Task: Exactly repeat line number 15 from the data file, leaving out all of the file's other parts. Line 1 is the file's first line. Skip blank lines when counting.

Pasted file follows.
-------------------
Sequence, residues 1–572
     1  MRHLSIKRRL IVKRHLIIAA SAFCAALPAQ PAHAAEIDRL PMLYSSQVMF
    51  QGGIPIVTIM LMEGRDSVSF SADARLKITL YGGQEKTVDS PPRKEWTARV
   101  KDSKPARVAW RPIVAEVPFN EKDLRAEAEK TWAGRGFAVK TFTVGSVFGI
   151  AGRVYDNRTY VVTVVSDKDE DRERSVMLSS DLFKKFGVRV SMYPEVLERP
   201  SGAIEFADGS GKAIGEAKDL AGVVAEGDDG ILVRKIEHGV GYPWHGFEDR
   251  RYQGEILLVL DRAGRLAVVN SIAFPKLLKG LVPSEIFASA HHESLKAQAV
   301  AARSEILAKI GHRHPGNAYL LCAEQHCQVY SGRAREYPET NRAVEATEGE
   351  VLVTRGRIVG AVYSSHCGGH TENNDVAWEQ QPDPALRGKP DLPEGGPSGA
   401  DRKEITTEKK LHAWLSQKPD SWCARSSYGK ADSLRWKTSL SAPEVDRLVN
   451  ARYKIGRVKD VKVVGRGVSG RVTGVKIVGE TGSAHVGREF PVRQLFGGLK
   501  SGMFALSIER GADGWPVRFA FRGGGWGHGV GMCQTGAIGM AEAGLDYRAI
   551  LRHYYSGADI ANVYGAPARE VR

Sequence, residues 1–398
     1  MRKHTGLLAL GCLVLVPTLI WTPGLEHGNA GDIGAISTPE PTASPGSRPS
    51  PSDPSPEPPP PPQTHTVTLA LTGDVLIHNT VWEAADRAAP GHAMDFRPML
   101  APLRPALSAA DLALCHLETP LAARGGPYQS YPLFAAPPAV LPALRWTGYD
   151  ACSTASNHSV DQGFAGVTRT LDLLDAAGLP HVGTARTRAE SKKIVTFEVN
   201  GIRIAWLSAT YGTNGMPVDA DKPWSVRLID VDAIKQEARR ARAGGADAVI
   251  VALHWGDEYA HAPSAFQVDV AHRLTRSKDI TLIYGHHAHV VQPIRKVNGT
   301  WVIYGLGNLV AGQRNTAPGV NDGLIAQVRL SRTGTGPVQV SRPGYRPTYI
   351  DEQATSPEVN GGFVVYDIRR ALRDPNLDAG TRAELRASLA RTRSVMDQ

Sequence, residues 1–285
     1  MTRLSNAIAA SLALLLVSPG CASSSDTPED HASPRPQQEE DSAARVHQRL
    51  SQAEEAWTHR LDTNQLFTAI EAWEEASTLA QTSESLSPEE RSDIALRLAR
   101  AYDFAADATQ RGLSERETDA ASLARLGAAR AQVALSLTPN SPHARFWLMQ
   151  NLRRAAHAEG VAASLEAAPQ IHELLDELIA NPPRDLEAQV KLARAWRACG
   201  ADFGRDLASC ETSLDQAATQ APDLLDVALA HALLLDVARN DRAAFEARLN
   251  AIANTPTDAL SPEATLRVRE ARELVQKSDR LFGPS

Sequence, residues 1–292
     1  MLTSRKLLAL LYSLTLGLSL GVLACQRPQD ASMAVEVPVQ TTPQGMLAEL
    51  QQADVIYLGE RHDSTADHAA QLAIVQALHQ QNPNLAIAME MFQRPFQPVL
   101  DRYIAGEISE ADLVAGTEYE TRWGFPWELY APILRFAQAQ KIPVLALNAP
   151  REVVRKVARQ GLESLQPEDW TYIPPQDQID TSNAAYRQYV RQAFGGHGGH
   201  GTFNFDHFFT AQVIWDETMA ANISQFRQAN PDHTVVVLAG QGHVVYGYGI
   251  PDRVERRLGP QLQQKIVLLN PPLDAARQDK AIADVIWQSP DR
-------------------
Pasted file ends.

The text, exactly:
     1  MRKHTGLLAL GCLVLVPTLI WTPGLEHGNA GDIGAISTPE PTASPGSRPS